We found 2 doses of RV1 to be highly effective against G2P disease and similar to the effectiveness against G1P disease. The effectiveness of RV1 against G2P disease has been a concern given that all 11 genes and protein antigens of G2P are typically distinct from those of G1P strains, such as the RV1 strain, and the other most common circulating strains.19 In the first large RV1 clinical trial, conducted in Latin America, the efficacy to age 1 year against severe rotavirus gastroenteritis (a clinical definition) caused by genotype G2P was 41% (95% CI –79 to 82) (the clinical definition was diarrhea [3 or more loose or watery stools within 24 hours], with or without vomiting, that required overnight hospitalization or rehydration equivalent to World Health Organization plan B [oral rehydration] or plan C [intravenous rehydration] in a medical facility).20 Although based on small numbers, this fueled concerns about the vaccine’s ability to protect against this genotype. In the later European trial, efficacy against severe G2P disease (Vesikari score ≥11) through the second rotavirus season was 85.5% (95% CI 24.0 to 98.5), but was also based on small numbers.12 Early reports from Brazil of G2P predominance after RV1 introduction21 and in areas in Australia using RV1,22 highlighted the need for postintroduction effectiveness assessments to help address the question of heterotypic protection. Our VE results against G2P are reassuring for high-income settings, where rotavirus vaccines overall have performed better than in middle- and low-income countries. How well RV1 protects against G2P in lower-income settings is still an important issue that requires further monitoring, given that some postintroduction evaluations suggest protection may be only modest in infancy or may not persist.23–25
In our evaluation, we found no evidence of waning of protection from RV1 through the second year of life, which is important given that in the United States before RV introduction more than half of RV hospitalizations among children aged <5 years occurred after the first year of life.1,26 Our results are consistent with those from the European trial in which efficacy during the second season was ≥85% for severe rotavirus disease and disease requiring hospitalization.12 Additional data on the effectiveness of RV1 in US children beyond age 2 years will be valuable.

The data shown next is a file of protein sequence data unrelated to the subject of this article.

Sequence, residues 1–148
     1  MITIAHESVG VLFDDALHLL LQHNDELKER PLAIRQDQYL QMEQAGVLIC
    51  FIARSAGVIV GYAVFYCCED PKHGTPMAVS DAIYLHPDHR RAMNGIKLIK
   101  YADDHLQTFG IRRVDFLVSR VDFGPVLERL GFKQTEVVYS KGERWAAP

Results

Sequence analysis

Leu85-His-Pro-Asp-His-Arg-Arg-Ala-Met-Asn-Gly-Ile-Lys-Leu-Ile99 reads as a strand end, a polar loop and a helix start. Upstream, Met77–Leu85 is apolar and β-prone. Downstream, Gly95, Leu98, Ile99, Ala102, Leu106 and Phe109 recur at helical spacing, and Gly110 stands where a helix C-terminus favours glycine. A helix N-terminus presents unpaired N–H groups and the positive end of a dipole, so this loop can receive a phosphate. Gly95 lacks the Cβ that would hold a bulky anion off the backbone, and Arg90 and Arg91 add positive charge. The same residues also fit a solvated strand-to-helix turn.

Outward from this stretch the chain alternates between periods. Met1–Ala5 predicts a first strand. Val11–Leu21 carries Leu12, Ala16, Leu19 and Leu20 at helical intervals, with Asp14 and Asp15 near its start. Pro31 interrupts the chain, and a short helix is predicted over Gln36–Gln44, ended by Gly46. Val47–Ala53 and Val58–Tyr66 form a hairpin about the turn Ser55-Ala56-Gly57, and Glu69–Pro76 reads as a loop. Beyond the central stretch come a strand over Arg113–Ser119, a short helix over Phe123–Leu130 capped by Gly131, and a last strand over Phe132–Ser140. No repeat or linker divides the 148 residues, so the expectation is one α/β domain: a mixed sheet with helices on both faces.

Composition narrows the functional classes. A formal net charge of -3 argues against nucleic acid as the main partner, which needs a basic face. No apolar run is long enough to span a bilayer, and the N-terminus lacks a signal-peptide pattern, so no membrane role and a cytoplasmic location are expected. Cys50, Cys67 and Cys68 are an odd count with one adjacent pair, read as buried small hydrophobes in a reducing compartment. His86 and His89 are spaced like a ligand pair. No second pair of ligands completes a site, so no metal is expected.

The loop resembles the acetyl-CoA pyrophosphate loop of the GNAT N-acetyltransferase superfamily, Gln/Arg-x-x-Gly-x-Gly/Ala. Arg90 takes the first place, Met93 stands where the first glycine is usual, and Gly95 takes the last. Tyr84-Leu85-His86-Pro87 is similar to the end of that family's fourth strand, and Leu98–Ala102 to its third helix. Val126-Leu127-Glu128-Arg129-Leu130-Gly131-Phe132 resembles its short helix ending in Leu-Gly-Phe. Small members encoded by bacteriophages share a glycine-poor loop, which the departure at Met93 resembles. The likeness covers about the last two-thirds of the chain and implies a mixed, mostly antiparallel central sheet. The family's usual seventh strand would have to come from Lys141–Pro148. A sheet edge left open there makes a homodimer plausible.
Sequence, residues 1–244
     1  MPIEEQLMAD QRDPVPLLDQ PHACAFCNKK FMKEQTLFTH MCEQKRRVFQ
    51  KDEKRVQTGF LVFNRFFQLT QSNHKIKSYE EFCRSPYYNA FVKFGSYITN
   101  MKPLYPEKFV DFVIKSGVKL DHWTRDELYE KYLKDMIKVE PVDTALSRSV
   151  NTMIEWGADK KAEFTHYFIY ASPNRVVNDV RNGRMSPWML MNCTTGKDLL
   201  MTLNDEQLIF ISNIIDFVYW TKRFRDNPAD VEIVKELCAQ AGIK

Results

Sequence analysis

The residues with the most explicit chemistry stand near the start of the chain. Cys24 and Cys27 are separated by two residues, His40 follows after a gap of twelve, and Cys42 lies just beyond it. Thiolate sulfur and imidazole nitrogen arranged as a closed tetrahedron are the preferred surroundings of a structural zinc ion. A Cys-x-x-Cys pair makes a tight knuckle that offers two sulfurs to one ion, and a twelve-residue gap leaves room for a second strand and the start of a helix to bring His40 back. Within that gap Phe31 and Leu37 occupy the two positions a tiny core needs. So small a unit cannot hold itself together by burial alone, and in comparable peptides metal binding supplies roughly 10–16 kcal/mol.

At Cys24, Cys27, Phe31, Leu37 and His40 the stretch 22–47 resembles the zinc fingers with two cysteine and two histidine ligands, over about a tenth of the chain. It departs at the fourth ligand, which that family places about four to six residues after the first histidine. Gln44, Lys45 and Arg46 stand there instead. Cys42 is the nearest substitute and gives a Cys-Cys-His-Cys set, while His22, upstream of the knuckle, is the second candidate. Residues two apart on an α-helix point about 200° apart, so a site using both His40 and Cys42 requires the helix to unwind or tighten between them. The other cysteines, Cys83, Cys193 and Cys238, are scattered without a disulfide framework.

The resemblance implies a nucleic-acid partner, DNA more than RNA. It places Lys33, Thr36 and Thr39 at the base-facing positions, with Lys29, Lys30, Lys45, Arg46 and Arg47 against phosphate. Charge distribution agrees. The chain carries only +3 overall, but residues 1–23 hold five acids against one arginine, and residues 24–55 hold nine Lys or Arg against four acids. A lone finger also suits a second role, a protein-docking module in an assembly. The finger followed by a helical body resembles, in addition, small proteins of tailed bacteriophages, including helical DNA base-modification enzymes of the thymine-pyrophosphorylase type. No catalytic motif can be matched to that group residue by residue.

Our evaluation adds to the experience of using IIS as a source of immunization records and as a source of controls for evaluations of vaccine effectiveness in US children.18,27–29 Using the rotavirus-case subjects and the rotavirus-negative controls who had a provider record obtained, the VE estimates for the full series were very similar when only the IIS record was used as compared with using the provider record. This suggests that the additional staff effort to obtain the record directly from the provider may not be required, particularly for mature IIS with high provider participation. As described previously, there are some limitations and assumptions made when using IIS as a source of controls.14,18 In our current evaluation using IIS controls, the VE estimates that included only children for whom there was indication that child had been active in the registry (which we defined as having ≥1 dose of DTaP, PCV, or RV listed in the IIS [or, in Connecticut, information that vaccines were refused]) were generally similar to those obtained using the rotavirus-negative controls and the provider record, and higher than those that included children in the IIS who had no doses listed. (The VE results with the IIS ≥1 dose restriction were very similar to those obtained with a more stringent IIS restriction14 [data not shown], used to help ensure the record available covered the early infancy period: ≥3 doses of DTaP, PCV, or full series of RV received through age 8 months). Using the IIS, we found rotavirus vaccine did not protect against rotavirus-negative gastroenteritis, suggesting a lack of major bias in our VE estimates against rotavirus disease.